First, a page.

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Washington, D.C.—In an effort to reduce gun violence, President Obama signed 23 gun-control and school-safety measures on Wednesday, calling on Congress to pass even more restrictions. Obama’s orders, which are being called the most sweeping legislation of this generation, stiffen background checks on gun buyers. He called on Congress to pass more limits on semi-automatic rifles and high-capacity magazines.
“[If] there’s even one life that can be saved, then we’ve got an obligation to try,” Obama said.
Vice President Joe Biden, who led a White House task force on gun violence, said, “The world has changed, and it’s demanding action.”
Passing any new legislation will be difficult because of widespread opposition. Opponents of gun control say this is the wrong move. Sen. Marco Rubio, R-Florida, said, “President Obama is targeting the Second Amendment rights of law-abiding citizens instead of seriously addressing the real underlying causes of such violence.”
Texas Governor Rick Perry said the solution to the “evil prowling in the world” is to “return to our places of worship and pray for help.”
According to a new poll, 55 percent of Americans favor stricter gun-control laws, but only 39 percent say those laws would reduce gun violence all by themselves.
Professor Terri Francis, who lost a relative to gun violence, said civil discourse is essential as citizens work toward societal change. Americans have said “enough is enough” before, Francis said, pointing to the civil-rights movement and the crusade against drunk driving.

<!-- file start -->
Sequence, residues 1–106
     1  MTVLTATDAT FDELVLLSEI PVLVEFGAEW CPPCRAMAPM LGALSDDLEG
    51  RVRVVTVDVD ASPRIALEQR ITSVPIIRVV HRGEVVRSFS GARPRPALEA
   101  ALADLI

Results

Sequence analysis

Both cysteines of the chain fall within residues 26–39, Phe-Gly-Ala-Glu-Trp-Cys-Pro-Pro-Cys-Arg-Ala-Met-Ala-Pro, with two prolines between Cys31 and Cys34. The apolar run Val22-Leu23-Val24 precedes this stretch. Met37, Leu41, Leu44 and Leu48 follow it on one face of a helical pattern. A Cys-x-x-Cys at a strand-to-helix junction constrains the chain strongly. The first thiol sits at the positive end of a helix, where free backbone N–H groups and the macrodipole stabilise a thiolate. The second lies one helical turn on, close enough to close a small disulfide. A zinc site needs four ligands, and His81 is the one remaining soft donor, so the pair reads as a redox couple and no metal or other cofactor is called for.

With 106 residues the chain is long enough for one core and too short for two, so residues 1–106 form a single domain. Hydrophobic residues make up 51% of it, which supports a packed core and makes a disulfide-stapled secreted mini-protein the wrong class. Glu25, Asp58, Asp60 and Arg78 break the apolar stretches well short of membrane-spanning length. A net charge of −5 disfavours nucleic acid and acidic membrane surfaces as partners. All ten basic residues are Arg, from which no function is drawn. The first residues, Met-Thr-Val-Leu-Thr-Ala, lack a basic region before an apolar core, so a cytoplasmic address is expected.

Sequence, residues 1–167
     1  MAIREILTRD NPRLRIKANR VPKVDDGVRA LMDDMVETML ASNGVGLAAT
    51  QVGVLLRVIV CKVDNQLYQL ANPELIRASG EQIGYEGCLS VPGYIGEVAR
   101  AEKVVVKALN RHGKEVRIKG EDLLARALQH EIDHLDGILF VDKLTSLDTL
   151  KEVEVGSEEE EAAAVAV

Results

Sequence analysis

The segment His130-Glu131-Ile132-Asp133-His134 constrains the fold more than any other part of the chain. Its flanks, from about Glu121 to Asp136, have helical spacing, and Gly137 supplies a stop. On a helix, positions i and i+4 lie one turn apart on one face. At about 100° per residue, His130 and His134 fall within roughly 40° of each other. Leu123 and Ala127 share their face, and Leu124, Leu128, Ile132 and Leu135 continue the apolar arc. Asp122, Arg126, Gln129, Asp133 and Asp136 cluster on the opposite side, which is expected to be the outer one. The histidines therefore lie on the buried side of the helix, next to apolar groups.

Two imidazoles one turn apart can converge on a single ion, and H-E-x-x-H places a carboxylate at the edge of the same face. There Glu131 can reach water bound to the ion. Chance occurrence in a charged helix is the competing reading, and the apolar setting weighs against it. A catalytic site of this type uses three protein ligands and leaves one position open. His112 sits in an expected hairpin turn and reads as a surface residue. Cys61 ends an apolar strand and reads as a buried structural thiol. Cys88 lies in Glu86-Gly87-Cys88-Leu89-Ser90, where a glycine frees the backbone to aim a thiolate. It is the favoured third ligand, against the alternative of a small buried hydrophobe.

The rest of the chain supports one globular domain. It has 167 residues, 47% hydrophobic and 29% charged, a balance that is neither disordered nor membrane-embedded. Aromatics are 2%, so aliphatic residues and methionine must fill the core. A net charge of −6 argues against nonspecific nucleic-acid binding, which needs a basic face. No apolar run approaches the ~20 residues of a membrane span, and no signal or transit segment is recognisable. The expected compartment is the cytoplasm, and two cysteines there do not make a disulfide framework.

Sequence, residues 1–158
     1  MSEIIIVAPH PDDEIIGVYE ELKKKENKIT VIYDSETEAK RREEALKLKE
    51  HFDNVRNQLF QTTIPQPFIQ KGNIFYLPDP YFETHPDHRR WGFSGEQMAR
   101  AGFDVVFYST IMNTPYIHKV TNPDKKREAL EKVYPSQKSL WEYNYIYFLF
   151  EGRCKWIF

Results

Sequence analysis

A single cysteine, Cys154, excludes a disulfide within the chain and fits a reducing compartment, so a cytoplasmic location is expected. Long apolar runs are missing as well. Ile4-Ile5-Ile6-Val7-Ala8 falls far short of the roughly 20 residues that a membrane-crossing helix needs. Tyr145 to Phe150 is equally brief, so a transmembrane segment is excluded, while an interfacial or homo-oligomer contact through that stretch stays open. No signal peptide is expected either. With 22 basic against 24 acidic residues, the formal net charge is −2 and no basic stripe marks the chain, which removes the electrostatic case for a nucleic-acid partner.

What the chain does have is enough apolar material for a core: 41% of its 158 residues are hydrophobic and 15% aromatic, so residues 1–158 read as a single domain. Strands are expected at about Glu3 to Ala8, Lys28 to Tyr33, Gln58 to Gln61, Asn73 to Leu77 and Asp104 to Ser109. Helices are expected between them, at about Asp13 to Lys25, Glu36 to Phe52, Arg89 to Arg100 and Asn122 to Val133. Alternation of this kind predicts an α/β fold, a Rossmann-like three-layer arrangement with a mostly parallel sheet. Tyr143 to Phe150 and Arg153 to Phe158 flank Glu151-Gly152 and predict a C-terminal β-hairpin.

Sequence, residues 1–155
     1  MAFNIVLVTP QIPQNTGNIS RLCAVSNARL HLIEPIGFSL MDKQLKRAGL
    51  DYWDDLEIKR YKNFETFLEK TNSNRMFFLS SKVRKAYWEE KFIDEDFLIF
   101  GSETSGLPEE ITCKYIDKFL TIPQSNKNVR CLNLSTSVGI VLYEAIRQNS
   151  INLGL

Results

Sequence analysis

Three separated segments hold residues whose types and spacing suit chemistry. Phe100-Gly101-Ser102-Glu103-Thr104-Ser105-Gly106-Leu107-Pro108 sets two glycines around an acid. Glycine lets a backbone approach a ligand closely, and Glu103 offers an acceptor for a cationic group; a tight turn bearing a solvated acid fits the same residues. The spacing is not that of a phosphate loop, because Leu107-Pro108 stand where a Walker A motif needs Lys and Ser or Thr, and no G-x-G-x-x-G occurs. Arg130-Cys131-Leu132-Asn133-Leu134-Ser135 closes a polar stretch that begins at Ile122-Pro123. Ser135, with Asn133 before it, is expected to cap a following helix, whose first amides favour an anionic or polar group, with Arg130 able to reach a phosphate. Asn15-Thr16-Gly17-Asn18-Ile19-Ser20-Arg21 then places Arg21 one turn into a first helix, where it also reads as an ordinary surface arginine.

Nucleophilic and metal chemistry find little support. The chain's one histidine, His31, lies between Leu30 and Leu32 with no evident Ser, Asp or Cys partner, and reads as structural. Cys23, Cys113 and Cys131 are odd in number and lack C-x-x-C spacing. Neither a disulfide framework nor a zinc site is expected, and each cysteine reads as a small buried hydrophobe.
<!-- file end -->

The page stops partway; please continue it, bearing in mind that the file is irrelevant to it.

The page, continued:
Obama’s calls for stronger gun control coincided with the reopening of the Aurora, Colorado, movie theater where a gunman killed 12 people in July. Some victims’ family members boycotted the reopening, calling it insensitive and callous. Others, including Aurora’s mayor, say reclaiming the theater is part of the healing process.
Sources: CNN.com, ChristianPost.com, Associated Press
- Where do you stand in the gun-control debate, and why? In light of recent mass shootings, do you think Obama is reacting appropriately? underreacting? overreacting? Explain.
- How well do you think these new proposals would reduce violence in our society? Which do you think would be easier: enacting stricter gun laws or reducing media violence?
- Do you agree with Gov. Perry that prayer is the answer to ending violence? Is it appropriate to place a societal problem strictly into God’s hands, or must we take matters into our own hands? Explain.
- Should the elementary school shooting in Connecticut be the turning point in U.S. gun-control laws? What do you think it would take for gun-rights advocates to ever be open to new legislation? How might your generation become known for ending mass shootings?
- Is it okay to interfere with the rights of many people in order to save the lives of a few? Explain. Which of your rights do you value the most, and why? Are you willing to give any up for the sake of others? Why or why not?
- When have you or your peers said “enough is enough” about a problem or issue? What are the risks—and potential benefits—of taking action against a problem when not everyone agrees on a solution?
- What might Jesus say about the gun-control debate? When, if ever, does the Bible advocate violence? self-defense?
- How do you feel about the Aurora movie theater reopening? Would you ever be comfortable watching a film there? Is the reopening a symbol of moving on? Is it insensitive to families of victims who died there? Explain.
- How would you explain your stance on gun control to gun-rights advocates? to families of victims of gun violence? How can listening to opinions that differ from yours help shape or strengthen your own views?
Scripture links: Exodus 32:25-29; 1 Samuel 17:45-47; Psalm 107:28-30; Matthew 26:47-56; Luke 22:35-38; and Romans 14:1-4.